The U.S. Air Force (USAF) is slated to receive 30 additional General Atomics Aeronautical Systems MQ-9 Reaper unmanned aerial vehicles (UAVs) under a $370.9 million contract, the U.S. Department of Defense announced on August 15. All of the UAVs are expected to be delivered to the USAF by May 2019. The USAF will use 2014 and 2015 aircraft procurement funds to pay for the additional drones.
As of September 2015, the USAF has an inventory of 93 Reaper UAVs, according to a USAF fact sheet. In 2015, the USAF announced that it would retire the General Atomics Aeronautical Systems MQ-1 Predator – the USAF’s principal weapon of choice in UAV airstrikes – by 2019. As a consequence, the USAF is interested in adding new UAVs to its burgeoning drone arsenal.
The MQ-9 Reaper is first and foremost used for remotely striking enemy targets. “The MQ-9 Reaper is an armed, multi-mission, medium-altitude, long-endurance remotely piloted aircraft that is employed primarily against dynamic execution targets and secondarily as an intelligence collection asset,” the fact sheet notes. The USAF’s fleet of Reapers is currently controlled out of Creech Air Force Base in Nevada.
“Given its significant loiter time, wide-range sensors, multi-mode communications suite, and precision weapons — it provides a unique capability to perform strike, coordination, and reconnaissance against high-value, fleeting, and time-sensitive targets,” the fact sheet adds. The UAV can be armed with up to four laser-guided, Air-to-Ground Missile (AGM)-114 Hellfire missiles.
Two MQ-9 Reaper UAVs have also recently demonstrated the ability to track enemy missiles during a multilateral ballistic missile defense training exercise, which also involved Aegis destroyers from the United States, South Korea, and Japan (See: “US, Japan, South Korea Conduct Joint Missile Drill”).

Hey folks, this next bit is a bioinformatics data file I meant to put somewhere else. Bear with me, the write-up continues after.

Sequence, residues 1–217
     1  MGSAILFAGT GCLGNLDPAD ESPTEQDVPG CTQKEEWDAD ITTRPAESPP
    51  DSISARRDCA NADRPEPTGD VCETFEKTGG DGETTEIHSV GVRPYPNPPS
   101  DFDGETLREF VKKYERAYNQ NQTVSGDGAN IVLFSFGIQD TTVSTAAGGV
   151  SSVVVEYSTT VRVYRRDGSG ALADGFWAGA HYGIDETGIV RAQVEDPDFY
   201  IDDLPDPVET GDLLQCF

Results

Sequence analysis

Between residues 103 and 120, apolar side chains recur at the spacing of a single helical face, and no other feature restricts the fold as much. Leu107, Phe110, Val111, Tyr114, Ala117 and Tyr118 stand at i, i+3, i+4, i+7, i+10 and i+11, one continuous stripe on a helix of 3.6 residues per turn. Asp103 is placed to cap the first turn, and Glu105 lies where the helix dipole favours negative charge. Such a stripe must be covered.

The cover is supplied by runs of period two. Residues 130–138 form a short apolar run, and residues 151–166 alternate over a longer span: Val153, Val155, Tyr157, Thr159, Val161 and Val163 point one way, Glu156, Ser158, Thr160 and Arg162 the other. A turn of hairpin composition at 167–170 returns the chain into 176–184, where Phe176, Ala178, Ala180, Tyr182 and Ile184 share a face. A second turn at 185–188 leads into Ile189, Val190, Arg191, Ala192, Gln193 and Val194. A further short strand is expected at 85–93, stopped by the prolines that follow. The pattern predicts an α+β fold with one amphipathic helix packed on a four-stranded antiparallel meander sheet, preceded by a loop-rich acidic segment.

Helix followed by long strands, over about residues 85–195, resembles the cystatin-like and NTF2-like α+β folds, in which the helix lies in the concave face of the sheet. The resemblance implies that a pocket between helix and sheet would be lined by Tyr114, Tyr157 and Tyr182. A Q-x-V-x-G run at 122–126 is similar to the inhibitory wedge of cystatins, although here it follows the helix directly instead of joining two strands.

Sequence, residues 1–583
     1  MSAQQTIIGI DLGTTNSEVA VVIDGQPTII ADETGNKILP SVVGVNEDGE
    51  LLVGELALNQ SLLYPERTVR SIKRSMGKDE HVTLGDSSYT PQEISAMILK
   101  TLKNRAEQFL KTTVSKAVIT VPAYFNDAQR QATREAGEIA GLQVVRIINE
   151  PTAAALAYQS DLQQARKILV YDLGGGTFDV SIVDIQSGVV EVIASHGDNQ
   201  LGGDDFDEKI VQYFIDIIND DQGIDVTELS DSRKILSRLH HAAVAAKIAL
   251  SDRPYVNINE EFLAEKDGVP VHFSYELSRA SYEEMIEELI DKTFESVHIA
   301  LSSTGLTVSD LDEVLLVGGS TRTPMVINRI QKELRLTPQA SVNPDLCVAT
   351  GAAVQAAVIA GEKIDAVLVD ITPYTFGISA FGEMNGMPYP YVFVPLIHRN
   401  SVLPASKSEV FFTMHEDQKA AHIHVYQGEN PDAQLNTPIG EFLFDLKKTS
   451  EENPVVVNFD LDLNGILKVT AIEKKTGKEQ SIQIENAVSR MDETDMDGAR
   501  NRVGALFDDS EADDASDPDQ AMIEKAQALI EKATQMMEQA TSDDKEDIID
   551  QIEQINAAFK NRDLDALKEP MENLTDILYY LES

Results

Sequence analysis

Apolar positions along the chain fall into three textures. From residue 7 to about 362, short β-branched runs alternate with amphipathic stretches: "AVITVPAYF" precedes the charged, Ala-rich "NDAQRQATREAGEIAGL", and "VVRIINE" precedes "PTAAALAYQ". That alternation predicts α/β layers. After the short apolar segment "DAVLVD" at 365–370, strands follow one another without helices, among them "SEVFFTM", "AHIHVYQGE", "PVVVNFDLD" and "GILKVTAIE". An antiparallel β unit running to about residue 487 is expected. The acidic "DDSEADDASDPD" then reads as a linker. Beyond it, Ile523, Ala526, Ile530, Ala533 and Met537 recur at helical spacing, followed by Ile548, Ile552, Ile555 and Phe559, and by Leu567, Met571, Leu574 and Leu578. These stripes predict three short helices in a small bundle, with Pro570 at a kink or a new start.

The U.S. military currently faces a shortage in drone pilots; the USAF is expecting to add 334 new pilots in 2016. As I reported previously (See: “Pentagon to Increase Drone Flights Over South China Sea”), the Pentagon has been working on a new plan to increase the number of UAV flights in the next three years:
In detail, the new plan envisions an increase in the number of flights from 61 to 90 by 2019. The majority of missions are currently flown by the U.S. Air Force (USAF). However, in addition to around 60 USAF flights, the new plan foresees as many as 16 sorties flown by the U.S. Army, up to four by the Special Forces Command, and around ten by government contractors. The USAF currently shares intelligence feeds from 22 out of its 60 daily sorties with the Central Intelligence Agency.
Back in October 2014, U.S. Defense Secretary Ashton Carter reduced the number of drone flights from 65 to 60 due to overworked USAF pilots and crews on the condition that the Pentagon would eventually increase its drone capability outside the USAF. The result was a plan that will gradually increase the role of other service branches as well as government contractors. By 2017, the U.S. Army is supposed to supply eight and government contractors six daily flights.
The USAF currently flies 60 combat sorties per day. This number is expected to be increased to 70 by the end of the year. The U.S. Army is flying ten combat air patrols per day, according to the Air Force Times. Since 2004, the United States has conducted 424 drone strikes in Pakistan and between 404 and 409 strikes in Afghanistan, with an estimated 4,472 to 6,506 casualties in both countries, according to The Bureau of Investigative Journalism.